By Dan Younus
Get to know next year’s SSC executive team and Head Sophs in this exclusive interview!
Questions for the Science Soph Team
- Given the leadership role you are in, do you have any specific goals you would like the Science Soph team, or yourself, to accomplish (Oweek specific goals, charity funds, etc)? If so, how would you accomplish them?
- What do you love the most about the faculty of science?
- If you happened to be exposed to gamma radiation, and were to be given one superpower as a result, what would you like it to be and why?
Kolade Odetoyinbo: Head Soph for the Science Soph Team
Well, being a Soph for the past two years, I’ve noticed that recently we’ve made a huge step towards making sure that our team was, first and foremost, about the frosh. So I’m taking that kind of template, and making that the goal for this year’s team. For example, we’re working on Faculty Day, and trying to make that as interactive as possible. University is all about finding something you like and exploring, and offering students that opportunity is something we’re really trying to work on. In terms of Sophs, we’re really looking for feedback. In first year, students are allowed to evaluate their residence Sophs and staff, and we would really like that for faculty Sophs. So right now we’re working on a survey with the SSC, trying to figure out how to implement that, so we can have concrete feedback on how our Sophs are doing, and what we can tweak as a team.
(Laughs) Man really, what’s not to like? For me, I guess it’s just the whole variety of what there is to do at Western! You go to different classes, meet different people, learn from different professors who teach course material differently. The best part about studying science at the university is that there’s an opportunity to diverge a little a bit, and find little pieces that you can put together and make your own unique experience.
I always kind of wanted to be invisi…. oh wait no I take that back! I think flying would be pretty sweet, that way I could have a different perspective of things while I’m up in the sky. (Authors Note: Kolade seemed to be a tad bit mysterious when answering this question. May he be hiding a secret? An invisibility cloak perhaps? Find out in the next issue of The Current!)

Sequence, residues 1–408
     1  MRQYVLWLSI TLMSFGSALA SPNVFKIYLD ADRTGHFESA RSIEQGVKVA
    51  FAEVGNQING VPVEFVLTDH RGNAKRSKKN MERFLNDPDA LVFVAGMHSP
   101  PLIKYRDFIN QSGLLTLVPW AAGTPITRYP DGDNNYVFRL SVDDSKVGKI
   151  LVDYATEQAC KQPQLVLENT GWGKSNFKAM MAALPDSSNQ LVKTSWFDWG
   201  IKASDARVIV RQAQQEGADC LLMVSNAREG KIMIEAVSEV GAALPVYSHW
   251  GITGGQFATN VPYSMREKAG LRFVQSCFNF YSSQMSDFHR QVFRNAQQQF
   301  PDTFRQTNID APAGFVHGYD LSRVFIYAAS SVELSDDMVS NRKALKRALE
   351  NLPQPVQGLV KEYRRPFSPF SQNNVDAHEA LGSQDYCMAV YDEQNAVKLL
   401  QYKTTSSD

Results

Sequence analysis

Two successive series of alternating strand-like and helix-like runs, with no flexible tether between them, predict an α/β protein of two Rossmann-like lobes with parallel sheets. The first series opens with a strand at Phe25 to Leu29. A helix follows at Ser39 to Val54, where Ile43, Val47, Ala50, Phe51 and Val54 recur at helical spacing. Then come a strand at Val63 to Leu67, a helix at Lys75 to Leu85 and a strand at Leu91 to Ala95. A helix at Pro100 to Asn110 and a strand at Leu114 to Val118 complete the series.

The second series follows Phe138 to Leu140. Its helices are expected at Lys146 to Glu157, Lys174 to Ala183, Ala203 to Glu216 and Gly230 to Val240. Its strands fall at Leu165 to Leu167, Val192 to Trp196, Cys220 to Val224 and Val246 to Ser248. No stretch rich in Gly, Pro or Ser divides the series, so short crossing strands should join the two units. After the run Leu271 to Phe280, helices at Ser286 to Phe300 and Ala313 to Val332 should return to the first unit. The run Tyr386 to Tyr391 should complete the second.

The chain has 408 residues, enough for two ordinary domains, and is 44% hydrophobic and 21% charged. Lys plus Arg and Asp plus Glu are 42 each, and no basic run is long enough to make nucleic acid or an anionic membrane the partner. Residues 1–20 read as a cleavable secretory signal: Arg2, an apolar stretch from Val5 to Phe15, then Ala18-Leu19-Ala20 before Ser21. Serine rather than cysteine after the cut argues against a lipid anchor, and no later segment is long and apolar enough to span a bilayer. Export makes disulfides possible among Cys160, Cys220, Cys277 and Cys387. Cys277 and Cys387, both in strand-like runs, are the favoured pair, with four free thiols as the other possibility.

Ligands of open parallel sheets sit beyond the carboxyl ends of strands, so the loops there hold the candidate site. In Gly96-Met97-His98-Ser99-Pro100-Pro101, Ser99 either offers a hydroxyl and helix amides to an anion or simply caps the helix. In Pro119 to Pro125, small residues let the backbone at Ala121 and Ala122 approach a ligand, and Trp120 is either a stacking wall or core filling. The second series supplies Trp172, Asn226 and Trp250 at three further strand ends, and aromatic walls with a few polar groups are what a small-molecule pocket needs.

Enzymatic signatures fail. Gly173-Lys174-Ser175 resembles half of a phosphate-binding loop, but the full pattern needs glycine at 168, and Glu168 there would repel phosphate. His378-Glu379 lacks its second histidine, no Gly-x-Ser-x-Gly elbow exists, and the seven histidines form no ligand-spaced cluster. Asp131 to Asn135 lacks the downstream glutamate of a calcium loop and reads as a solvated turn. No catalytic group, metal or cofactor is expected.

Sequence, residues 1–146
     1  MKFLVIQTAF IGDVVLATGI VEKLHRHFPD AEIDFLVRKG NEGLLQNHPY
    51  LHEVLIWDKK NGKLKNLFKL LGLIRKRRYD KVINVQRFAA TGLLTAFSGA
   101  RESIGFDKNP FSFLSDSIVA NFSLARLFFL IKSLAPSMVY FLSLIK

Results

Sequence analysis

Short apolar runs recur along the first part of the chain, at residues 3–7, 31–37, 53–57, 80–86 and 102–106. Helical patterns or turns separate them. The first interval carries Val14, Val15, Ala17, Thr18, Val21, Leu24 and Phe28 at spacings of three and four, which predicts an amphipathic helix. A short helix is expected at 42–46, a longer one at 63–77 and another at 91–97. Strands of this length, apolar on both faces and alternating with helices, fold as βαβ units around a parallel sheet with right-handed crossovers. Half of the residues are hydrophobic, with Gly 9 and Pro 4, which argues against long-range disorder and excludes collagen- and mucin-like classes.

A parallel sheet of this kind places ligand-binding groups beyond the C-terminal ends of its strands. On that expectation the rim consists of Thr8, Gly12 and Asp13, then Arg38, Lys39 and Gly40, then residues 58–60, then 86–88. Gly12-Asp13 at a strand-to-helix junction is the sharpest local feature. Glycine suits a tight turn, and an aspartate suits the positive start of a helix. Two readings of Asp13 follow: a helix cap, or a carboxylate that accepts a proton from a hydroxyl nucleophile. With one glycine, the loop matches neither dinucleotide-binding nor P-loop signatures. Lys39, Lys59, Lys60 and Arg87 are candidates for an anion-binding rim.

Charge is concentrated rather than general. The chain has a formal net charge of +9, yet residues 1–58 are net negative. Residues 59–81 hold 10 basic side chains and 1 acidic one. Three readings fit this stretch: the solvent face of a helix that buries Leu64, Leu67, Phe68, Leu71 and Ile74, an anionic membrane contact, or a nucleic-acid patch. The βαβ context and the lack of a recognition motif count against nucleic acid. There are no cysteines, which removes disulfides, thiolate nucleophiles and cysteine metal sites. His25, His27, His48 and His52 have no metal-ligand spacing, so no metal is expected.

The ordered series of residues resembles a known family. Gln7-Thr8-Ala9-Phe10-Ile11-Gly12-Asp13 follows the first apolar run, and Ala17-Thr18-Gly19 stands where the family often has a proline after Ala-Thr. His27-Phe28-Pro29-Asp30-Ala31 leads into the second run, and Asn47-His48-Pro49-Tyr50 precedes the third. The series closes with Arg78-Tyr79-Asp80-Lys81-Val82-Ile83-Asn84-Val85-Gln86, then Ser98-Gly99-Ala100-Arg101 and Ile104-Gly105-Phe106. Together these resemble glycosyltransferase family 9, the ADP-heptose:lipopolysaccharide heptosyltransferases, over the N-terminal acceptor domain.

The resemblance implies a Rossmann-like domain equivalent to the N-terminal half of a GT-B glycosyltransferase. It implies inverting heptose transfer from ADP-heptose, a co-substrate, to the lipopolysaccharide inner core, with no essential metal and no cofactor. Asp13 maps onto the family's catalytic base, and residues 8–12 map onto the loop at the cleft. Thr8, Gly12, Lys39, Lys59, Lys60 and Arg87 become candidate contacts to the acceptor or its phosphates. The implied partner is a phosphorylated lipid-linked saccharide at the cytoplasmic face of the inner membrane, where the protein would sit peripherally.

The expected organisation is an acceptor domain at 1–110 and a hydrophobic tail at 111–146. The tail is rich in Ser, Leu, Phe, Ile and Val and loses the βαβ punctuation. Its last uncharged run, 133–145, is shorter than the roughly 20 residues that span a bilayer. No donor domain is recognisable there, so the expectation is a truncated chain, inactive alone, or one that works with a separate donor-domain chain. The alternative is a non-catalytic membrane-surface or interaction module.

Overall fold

Jocelyn Bell Burnell
In 1967, while working with radio telescopes, Burnell discovered pulsars while she was a graduate student at Cambridge University in England. The existence of pulsars, which are the remnants of supernovas, was ground breaking. It showed that the gigantic neutron stars did not just disappear, but left behind small, dense, rapidly rotating bodies. Her findings quickly resulted in a publication followed by a Nobel Prize, but the award went to her supervisor, Anthony Hewish. “The picture people had at the time of the way that science was done was that there was a senior man—and it was always a man—who had under him a whole load of minions, junior staff, who weren’t expected to think, who were only expected to do as he said,” explained Bell Burnell in an interview with National Geographic. Despite the injustice faced by Burnell at the time of her discovery, it is now universally accepted that she was the first person to make the distinction.
At 33 years of age, while working as a research associate in King’s College in London, Franklin came to a discovery that revolutionized biology and genetics. Through X-ray experiments, she concluded that NA consisted of two chains and a phosphate backbone. Her discovery -captured on an image known as Photo 51 – was leaked to James Watson and Francis Crick at Cambridge University, who were also trying to determine the structure of DNA. Using Photo 51 and Franklin’s findings, Watson and Crick published ‘their’ discovery in a series of articles in 1953. After being recognized for their discovery, Watson and Crick went on to win the 1962 Nobel Prize in physiology and medicine, while Franklin received no recognition for her role.
Emmy-nominated actress best known for her roles on The Big Bang Theory and Blossom, Bailik possesses a doctorate in neuroscience from UCLA. She wrote her thesis on the hypomathic regulation in people with Prader-Willi Syndrome. Currently, she works towards developing curricula and encouraging young children and women to pursue science.
Well-known for her portrayal of ‘Phoebe’ in the classic show Friends, Kudrow earned a Bachelor of Science in Psychobiology from Vassar College in New York. She then worked with her father, who was a headache specialist, for eight years on his study on the likelihood of left-handed individuals developing cluster headaches.
One of the best-known actresses of the mid-20th century, Lamarr was key in the invention of a frequency-hopping communications spectrum. The technology was use by the military – specifically during the Cuban missile crisis in 1962 – and has more recently been used in wireless technologies like cellphones. Through her invention, Lamarr became the first woman to receive the Invention Convention’s BULBIE Gnass Spirit of Achievement Award in 1997.
Oscar and Golden Globe-winning actress Natalie Portmann was a semi-finalist in the Intel Science Talent Search competition, one of the most elite and demanding high school research competitions in the world. Her project investigated a new, environment-friendly method of converting waste into useful forms of energy. She graduated with honours and her academic achievements allowed her to attend Harvard University to study neuroscience and the evolution of the mind.